I read very nice post by Matt today and it has many good insights though I can’t say I agree on all points.
First there is a lot of people out where which put it as disk is everything. Remember Paul Tuckfield saying “You should ask how many disks they have instead of how many systems they have” on MySQL UC2008 Scalability Panel ? Indeed disks MAY be the most important part in your system performance or it may not be. Different people get to deal with different systems and so acquire different feeling about percentage of cases when disk would be the problem.
However it is not always the case. There are whole classes of systems where Disk performance is not that important – consider for example systems where most of the database fits in memory. These days we can get 64G of memory for pretty commodity prices and this allows you to get a lot of data in. Many Web 2.0 sites in particular design for having everything they need in memory, which is not that hard after you got VC funding as soon as you can shard your data properly so you would not have to replicate everything
There are also cases when storage size becomes the limit rather than number of IOs it can handle. Imagine for example data archive storage. On BoardReader for example we’re limited by space and how much data we can comfortably put in MySQL Instance without getting in too much trouble with backups etc – because Sphinx is doing all search heavy lifting we only need to insert new data and fetch few rows to show search results which does not require too much IO capacity or high in memory fit.
For large number of applications optimizing IO performance will be number one problem do not get me wrong, I just it is not always the case.
Another mistake is to measure IO capacity in spindles – So your hard drive can do 200 random reads per second and your SSD drive can do 10000 does it mean if you have array with 50 hard drives it would perform as good as SSD ? Not really. Leaving all potential serialization issues along you need enough concurrency to utilize multiple hard drives and with 50 drives you would need at least 50 outstanding requests all the time to fully utilize them. So for example these 50 drives will unlikely be helpful solving replication delay or speeding up this 3 hours reporting query or 5 hours ALTER TABLE
Let me also comment on the memory fit diagram – understanding your working set is paramount but taking number from other application is one of the worst mistakes you can make. One application can become CPU bound even with 5% of total data set in memory while over may require full 100%. Performance gains graphs in relation to fit in memory will also be different.
Now let me come to filesystem layout issues This is where a lot of roads meet and you have to consider a lot of topics – security, manageability, performance. I tend to advice different things depending on what is the most important. Assuming you have fixed amount of disk at your disposal and if you have BBU most likely data files is where all IO will go. If you dedicate RAID1 volume for Operating system and another one for Transactional Logs you will often wast 4 hard drives from performance standpoint without a good reason.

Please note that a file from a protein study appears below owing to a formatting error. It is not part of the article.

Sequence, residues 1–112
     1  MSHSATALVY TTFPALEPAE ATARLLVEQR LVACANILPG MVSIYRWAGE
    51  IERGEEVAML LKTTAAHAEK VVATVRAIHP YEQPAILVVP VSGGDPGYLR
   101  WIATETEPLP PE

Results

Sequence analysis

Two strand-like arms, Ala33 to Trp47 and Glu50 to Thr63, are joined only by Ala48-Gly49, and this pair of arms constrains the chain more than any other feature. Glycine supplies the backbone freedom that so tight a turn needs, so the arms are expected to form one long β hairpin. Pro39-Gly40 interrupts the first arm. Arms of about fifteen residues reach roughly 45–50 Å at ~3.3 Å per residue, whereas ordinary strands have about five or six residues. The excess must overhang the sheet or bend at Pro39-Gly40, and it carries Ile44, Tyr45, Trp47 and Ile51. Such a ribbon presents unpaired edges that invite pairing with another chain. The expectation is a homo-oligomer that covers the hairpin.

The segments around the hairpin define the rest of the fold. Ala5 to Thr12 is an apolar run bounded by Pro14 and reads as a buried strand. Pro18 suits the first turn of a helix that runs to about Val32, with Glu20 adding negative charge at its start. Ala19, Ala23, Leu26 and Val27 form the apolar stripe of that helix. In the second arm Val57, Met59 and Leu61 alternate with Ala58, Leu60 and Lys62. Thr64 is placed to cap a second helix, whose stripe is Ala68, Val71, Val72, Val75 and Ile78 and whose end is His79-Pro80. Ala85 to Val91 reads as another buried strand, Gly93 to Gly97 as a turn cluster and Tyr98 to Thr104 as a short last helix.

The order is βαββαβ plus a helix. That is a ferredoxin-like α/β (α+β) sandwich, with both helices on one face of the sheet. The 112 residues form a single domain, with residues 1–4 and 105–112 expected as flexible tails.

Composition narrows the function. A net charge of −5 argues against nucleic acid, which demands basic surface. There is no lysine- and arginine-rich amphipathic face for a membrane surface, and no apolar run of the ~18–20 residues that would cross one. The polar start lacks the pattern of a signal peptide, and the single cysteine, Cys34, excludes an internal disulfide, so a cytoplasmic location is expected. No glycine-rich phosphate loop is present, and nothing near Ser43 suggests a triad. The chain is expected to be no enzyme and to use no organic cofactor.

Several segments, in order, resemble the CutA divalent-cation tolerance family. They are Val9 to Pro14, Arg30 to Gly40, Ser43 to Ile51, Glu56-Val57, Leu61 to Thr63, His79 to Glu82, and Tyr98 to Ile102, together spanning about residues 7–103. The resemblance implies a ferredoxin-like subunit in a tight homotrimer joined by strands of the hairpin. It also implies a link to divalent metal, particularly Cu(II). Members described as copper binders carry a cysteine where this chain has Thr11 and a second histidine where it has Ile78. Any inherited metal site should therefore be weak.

Having OS and tmp away of the data is a good idea as Matt says – you do not want your runaway logs or extreme temporary space usage to stop the database, but they usually can keep the same RAID volume.
I tend to keep Innodb data files (and whole datadir) and log files on the same partition as well because this makes it very easy to use LVM for backups while assuming you have BBU on the raid volume impact on transactional log write speed is usually minimal. At the same time if reliability is desired it might be good idea to keep Binary Logs on the separate volume – you may need them to do point in time recovery if you want to recover to last committed transaction in case your data RAID volume was trashed.
Regarding SWAP – I tend to have it but not optimize for it, putting it on shared drive (or OS+Stuff drive if there is one) – you do not want your database box to swap actively – if it does your’re in trouble anyway so it is better to fix the things rather than optimize swap performance.
I also fully support Matt in his views of black boxes. If you want to be able to resolve your performance problems you need transparency, you need to have X-Ray vision, you need to understand what is happening and why. A lot of pieces – filesystem, disk scheduling, database buffer management can be rather complex but you need to have at least basic understanding of the processes to be able to reliably identify problems.
At the same time I would be very careful with your assumptions – in many instances I’ve seen different parts of the system working not as I would expect them to and not as it would make sense in my opinion but quite differently.
Percona’s widely read Percona Data Performance blog highlights our expertise in enterprise-class software, support, consulting and managed services solutions for both MySQL® and MongoDB® across traditional and cloud-based platforms. The decades of experience represented by our consultants is found daily in numerous and relevant blog posts.
Besides specific database help, the blog also provides notices on upcoming events and webinars.
Want to get weekly updates listing the latest blog posts? Subscribe to our blog now! Submit your email address below.